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Ask The Legal Expert: Livestock Security And You
- AuthorAlice Dearden Cobbett
Alice Dearden Cobbett, Associate Solicitor in the Rural Practice Team at JCP Solicitors, provides some sound advice on what to expect when the unexpected happens to your livestock.
"I run a livestock farm and I’m concerned about a recent legal case which saw a driver suffer injuries after his car collided with an escaped steer. I do all I can to secure my livestock. Where would I stand if something like this happened to me?"
The case you are referring to, Williams v Hawkes, was heard in the Court of Appeal and is one many farmers will have followed with interest.
Farmer Derfyl Hawkes bought some Charolais steers and let them onto pasture on his farm. The next day, one steer was spooked, jumped a six-foot fence and other obstacles, travelling more than a mile onto a dual carriageway where it was hit by a car. The animal died on impact, with the driver suffering serious injuries.
The driver brought a claim both in negligence and under the Animals Act 1971 against Derfyl Hawkes’ estate.
The judge commented that the care of the animal provided by Derfyl and his son Jeffrey had been "impeccable" and his fencing was "entirely appropriate". It was also accepted that the farmers had carried out sufficient checks on their steers and couldn't’t have predicted the escape. The County Court dismissed the negligence claim.
However, Jeffrey Hawkes, as the representative of his father’s estate, was ordered to pay compensation to the driver as he was strictly liable for damage caused by the steer under section 2 of the Animals Act 1971. The 1971 Act was designed to make the owners of dangerous animals liable for damage, and for this liability to apply where non-dangerous animals exhibit a dangerous characteristic.
The 1971 Act contains the following three tests which, if met, it will mean you are liable for damage caused even when you are not negligent;
(a) the animal was, unless restrained, likely to cause damage OR if the animal caused damage, it was likely to be severe; AND (b) that damage would be caused by a characteristic EITHER (i) not usually found in that type of animal; or (ii) only found in that type of animal at particular times and in particular circumstances; and (c) those characteristics were known to the keeper.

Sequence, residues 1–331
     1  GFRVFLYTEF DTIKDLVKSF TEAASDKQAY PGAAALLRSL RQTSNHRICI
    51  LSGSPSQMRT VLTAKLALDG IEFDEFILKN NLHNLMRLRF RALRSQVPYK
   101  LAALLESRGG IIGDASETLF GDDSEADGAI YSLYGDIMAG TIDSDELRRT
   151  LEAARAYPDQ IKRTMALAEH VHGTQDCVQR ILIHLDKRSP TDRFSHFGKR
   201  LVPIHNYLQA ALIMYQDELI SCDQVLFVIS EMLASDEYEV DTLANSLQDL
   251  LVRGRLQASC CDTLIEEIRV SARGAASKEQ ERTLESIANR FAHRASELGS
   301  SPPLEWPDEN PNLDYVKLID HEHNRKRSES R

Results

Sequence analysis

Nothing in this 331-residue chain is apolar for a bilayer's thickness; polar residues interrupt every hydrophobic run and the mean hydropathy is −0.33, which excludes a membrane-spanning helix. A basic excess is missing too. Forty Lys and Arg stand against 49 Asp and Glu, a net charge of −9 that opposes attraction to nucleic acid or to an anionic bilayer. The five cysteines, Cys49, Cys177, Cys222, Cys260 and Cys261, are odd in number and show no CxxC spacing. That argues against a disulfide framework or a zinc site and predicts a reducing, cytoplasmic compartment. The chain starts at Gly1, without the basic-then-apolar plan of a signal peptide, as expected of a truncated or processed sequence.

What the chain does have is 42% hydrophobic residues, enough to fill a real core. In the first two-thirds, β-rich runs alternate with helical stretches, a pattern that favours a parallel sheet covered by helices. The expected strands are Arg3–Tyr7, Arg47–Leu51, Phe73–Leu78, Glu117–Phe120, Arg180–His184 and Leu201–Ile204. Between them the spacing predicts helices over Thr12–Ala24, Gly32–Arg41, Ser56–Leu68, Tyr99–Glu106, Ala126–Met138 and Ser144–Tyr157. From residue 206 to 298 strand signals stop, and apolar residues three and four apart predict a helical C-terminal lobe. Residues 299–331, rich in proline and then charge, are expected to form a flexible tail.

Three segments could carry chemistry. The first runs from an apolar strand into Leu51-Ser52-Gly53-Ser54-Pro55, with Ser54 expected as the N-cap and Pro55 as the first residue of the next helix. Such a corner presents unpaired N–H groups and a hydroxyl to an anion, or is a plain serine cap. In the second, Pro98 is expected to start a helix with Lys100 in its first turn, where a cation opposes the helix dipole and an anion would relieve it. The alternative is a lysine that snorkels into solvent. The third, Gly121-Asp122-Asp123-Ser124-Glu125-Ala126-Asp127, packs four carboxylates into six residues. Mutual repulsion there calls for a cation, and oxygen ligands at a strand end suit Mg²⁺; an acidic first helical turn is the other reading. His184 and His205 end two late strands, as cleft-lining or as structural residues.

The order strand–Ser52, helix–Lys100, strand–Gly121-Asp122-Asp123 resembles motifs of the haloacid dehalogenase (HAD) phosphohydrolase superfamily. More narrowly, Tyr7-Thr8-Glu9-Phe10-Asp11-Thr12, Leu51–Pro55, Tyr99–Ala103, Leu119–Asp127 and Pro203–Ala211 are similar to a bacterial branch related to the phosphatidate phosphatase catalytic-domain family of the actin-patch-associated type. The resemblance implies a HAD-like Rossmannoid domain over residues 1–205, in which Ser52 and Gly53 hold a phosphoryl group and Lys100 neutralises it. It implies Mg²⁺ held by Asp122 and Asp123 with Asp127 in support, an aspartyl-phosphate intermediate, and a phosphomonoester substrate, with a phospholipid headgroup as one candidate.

Rejecting Mr Hawkes's appeal, Lord Justice Davis said liability under the Act did not require proof of negligence. He found that the steer displayed behaviour that would only be shown by cattle ‘in particular circumstances’. This was supported by an expert, who told the court that being near a major road, with its lights and noise, was likely to make any cattle unpredictable.
The three linked requirements above had, in this case, been satisfied. But farmers should be aware that the strict liability test is complex and there are defences to it. Getting sound advice early is critical.
JCP’s Rural Practice team is on hand for tailored and professional legal support. For specialist legal advice, call Alice Dearden Cobbett on: 01792 525 463 or: firstname.lastname@example.org
Alice Dearden Cobbett is a fluent Welsh speaker from Carmarthenshire and brings with her sound legal training, alongside several years of experience working within the racing and wider equestrian industries. Alice has hands-on experience in the disciplines and realities of rural life which is a real asset to our agricultural clients.
The question posed is based upon a hypothetical situation.